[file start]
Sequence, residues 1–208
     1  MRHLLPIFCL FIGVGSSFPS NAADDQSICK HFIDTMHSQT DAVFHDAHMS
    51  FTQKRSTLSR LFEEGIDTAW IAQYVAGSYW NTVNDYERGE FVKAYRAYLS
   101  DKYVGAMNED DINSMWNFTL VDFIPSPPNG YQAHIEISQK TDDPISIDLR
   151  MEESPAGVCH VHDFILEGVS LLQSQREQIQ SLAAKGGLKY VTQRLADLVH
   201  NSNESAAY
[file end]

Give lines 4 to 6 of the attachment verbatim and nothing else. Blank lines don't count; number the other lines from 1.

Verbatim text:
   101  DKYVGAMNED DINSMWNFTL VDFIPSPPNG YQAHIEISQK TDDPISIDLR
   151  MEESPAGVCH VHDFILEGVS LLQSQREQIQ SLAAKGGLKY VTQRLADLVH
   201  NSNESAAY